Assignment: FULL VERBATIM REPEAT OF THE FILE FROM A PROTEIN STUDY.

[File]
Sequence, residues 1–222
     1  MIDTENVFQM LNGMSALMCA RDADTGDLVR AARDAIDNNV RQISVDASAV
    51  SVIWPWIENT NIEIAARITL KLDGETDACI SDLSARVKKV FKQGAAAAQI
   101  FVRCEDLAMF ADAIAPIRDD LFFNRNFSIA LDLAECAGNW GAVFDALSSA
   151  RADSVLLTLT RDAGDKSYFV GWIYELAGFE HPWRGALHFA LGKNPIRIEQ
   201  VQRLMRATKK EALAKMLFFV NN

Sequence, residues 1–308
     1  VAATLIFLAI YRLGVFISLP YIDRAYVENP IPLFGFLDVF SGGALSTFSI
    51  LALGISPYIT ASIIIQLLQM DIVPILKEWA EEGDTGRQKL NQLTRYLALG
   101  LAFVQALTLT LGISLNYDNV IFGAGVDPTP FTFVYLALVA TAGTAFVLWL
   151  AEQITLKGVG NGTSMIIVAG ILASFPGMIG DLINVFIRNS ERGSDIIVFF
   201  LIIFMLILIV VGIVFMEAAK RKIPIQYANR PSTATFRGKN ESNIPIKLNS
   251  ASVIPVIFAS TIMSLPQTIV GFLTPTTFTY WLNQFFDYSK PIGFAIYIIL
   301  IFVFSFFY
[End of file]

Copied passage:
Sequence, residues 1–222
     1  MIDTENVFQM LNGMSALMCA RDADTGDLVR AARDAIDNNV RQISVDASAV
    51  SVIWPWIENT NIEIAARITL KLDGETDACI SDLSARVKKV FKQGAAAAQI
   101  FVRCEDLAMF ADAIAPIRDD LFFNRNFSIA LDLAECAGNW GAVFDALSSA
   151  RADSVLLTLT RDAGDKSYFV GWIYELAGFE HPWRGALHFA LGKNPIRIEQ
   201  VQRLMRATKK EALAKMLFFV NN

Sequence, residues 1–308
     1  VAATLIFLAI YRLGVFISLP YIDRAYVENP IPLFGFLDVF SGGALSTFSI
    51  LALGISPYIT ASIIIQLLQM DIVPILKEWA EEGDTGRQKL NQLTRYLALG
   101  LAFVQALTLT LGISLNYDNV IFGAGVDPTP FTFVYLALVA TAGTAFVLWL
   151  AEQITLKGVG NGTSMIIVAG ILASFPGMIG DLINVFIRNS ERGSDIIVFF
   201  LIIFMLILIV VGIVFMEAAK RKIPIQYANR PSTATFRGKN ESNIPIKLNS
   251  ASVIPVIFAS TIMSLPQTIV GFLTPTTFTY WLNQFFDYSK PIGFAIYIIL
   301  IFVFSFFY